13. In Ran gamma v. Narasimha Charyulu : (1916)31MLJ26 it has been held by Sadasiva Aiyar and Moore JJ., that this explanation is not confined to suits brought under O.I.R. 8 by a few persons representing a numerous class after obtaining the Court's permission and after giving notice to others who may be interested. This decision followed the dictum in Varanakot Narayanan Nambudri v. Varanakot Naraynan Nambudri I.L.R. (1880) Mad. 328 under the Code of 1859. That was a case where a declaratory decree had been obtained against the karnavan of a tarwad. A decree to which a karnavan is a party binds the other members of the tarwad because he is their recognised representative in suits, as was well settled by a Bench of Four Judges in Vasudevan v. Sankaran I.L.R. (1897) Mad. 129. But Rangamma v. Narasimhacharyulu : (1916)31MLJ26 and the case before us are instances of private rights claimed by some individuals in common with others rather than as representatives of a body of persons. Somasundara Mudali v. Kulandaivelu Pillai I.L.R. (1905) Mad. 457 was a Full Bench case under the Code of 1882. The words 'claimed in common' occurring in explanation V to Section 13 of that Code and repeated in explanation VI of the present Code are explained therein as referring to rights to relief which would benefit such parties by being granted and give them such an interest as would enable them to join as co-plaintiffs under Section 26. (Now Order 1 Rule 1.)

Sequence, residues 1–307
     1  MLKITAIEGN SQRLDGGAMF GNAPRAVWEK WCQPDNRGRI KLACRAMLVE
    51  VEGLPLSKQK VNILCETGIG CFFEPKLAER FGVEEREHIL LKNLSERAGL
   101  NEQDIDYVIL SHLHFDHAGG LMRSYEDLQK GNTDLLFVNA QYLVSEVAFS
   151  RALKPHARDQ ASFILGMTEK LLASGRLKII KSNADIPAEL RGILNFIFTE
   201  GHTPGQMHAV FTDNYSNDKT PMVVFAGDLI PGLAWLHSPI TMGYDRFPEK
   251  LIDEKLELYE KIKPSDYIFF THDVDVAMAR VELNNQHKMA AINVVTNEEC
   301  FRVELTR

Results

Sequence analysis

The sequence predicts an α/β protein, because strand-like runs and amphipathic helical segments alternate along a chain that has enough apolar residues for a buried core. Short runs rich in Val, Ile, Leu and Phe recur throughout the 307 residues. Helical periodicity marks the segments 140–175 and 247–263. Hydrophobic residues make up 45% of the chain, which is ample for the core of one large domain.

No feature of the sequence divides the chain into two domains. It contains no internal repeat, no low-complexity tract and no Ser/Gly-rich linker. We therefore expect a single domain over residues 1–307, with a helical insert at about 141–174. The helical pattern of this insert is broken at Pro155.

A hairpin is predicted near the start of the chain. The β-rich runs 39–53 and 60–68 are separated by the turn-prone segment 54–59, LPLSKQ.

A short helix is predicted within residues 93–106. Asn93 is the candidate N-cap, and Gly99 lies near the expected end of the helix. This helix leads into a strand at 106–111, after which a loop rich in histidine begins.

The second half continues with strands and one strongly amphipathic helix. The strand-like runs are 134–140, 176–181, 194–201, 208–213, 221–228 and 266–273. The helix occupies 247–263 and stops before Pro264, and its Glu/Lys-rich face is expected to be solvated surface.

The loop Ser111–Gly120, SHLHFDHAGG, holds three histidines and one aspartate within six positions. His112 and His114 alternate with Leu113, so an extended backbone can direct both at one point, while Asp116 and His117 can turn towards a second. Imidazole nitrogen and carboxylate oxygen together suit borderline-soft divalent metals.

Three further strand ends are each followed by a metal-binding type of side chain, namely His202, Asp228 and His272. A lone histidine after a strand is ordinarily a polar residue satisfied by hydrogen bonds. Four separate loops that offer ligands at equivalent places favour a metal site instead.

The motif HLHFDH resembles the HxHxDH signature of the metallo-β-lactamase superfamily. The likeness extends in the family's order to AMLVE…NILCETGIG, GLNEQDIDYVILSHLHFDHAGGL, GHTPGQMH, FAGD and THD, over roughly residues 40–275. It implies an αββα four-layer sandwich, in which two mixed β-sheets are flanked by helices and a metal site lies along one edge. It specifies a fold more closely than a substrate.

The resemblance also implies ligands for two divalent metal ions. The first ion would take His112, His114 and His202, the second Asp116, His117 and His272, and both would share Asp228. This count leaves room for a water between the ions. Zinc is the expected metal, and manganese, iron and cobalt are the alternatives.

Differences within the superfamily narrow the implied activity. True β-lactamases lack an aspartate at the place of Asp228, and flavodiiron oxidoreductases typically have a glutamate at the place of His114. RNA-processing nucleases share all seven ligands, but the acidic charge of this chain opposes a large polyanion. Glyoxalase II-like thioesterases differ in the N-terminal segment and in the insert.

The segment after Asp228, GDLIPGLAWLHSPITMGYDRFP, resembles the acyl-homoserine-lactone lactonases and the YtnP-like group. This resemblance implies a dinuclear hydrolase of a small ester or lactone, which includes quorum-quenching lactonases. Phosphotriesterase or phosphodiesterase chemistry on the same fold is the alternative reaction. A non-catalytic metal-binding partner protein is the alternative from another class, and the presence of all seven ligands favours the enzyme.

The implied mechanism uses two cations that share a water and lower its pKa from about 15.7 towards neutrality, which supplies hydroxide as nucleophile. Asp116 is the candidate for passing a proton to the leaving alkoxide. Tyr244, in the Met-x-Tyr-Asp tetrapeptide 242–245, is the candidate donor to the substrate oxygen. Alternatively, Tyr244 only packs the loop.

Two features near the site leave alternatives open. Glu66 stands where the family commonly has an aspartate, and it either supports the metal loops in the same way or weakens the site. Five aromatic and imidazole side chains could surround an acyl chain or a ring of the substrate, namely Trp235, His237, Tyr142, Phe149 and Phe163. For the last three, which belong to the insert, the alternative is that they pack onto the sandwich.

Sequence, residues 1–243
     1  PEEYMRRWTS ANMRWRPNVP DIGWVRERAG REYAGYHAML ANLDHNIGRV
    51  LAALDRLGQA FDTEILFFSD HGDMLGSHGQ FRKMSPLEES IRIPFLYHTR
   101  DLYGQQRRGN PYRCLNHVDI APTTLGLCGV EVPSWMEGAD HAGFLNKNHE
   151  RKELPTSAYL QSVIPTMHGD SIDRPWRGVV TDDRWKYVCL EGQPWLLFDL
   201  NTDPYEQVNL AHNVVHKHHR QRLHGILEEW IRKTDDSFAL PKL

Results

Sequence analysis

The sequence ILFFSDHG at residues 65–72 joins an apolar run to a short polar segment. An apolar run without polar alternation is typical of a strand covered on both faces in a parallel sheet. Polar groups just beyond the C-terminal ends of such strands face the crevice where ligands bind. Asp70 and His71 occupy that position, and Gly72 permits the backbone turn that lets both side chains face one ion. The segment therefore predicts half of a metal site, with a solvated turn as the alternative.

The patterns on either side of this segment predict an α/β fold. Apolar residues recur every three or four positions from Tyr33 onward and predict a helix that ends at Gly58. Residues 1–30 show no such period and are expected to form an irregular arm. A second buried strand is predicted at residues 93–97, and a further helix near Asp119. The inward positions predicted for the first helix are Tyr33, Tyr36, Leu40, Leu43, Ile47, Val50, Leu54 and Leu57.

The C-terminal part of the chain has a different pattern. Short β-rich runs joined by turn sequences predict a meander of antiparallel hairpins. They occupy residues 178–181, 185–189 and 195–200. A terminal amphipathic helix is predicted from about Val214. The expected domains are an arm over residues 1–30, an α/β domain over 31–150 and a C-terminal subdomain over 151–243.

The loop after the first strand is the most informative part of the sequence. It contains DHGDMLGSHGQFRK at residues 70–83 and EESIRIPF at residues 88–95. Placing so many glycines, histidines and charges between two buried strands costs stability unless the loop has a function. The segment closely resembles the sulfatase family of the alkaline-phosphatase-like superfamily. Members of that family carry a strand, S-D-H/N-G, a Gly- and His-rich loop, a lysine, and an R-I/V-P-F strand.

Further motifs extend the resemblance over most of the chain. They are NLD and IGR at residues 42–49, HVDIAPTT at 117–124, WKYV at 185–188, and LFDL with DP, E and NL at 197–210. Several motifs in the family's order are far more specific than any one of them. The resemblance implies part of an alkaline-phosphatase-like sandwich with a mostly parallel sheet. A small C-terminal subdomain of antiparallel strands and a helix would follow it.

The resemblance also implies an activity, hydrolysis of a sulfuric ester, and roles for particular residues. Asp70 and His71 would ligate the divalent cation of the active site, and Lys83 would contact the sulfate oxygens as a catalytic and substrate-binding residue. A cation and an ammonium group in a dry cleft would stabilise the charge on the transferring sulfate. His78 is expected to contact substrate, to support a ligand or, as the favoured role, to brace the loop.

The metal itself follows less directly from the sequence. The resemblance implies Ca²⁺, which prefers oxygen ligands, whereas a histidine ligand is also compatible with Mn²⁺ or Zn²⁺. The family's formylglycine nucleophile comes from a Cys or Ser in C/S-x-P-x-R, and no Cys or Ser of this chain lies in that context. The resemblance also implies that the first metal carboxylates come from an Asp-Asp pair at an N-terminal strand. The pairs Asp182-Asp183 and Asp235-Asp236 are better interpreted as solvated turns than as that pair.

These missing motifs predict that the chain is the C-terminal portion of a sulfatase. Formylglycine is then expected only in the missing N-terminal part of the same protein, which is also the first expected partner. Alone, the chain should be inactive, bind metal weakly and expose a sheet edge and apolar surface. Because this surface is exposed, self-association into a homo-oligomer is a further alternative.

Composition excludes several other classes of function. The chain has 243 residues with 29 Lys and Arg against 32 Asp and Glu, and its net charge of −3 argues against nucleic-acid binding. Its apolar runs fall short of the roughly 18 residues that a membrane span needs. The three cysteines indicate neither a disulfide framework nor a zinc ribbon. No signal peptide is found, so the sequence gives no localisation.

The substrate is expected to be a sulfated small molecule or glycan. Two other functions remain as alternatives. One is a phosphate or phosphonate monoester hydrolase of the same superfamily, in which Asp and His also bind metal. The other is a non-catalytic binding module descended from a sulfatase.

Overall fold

14. There can be no doubt that agraharamdars have such a common interest, for as each agraharamdar can be made to pay the whole of the Jodi if others do not pay, all are equally interested in the demand being decreased to the lowest possible figure, or at least not being increased.
15. Judged by this standard, I feel clear that the decision in A.S. No. 451 of 1905 is binding on the parties to this suit including the 10th defendant, as that litigation was, so far as it appears conducted bona fide.
16. But Mr. T.R. Ramachandra Aiyar has sought to draw a distinction in a case where a party is represented at one stage of the suit and afterwards ceases to be represented owing to a failure to bring his legal representatives on record. If such cases are to be made exceptions to the general rule it would be necessary to import words in Explanation VI to Section 11 which are not there. 'All persons interested in such right' must then be understood as meaning 'all persons who are not already parties to the suit and are interested in such right.'
17. I see no reason to put such a limited construction on the plain words of the explanation.
18. I agree with my Lord the Chief Justice that the lower Court's decision is right and that this appeal should be dismissed with costs.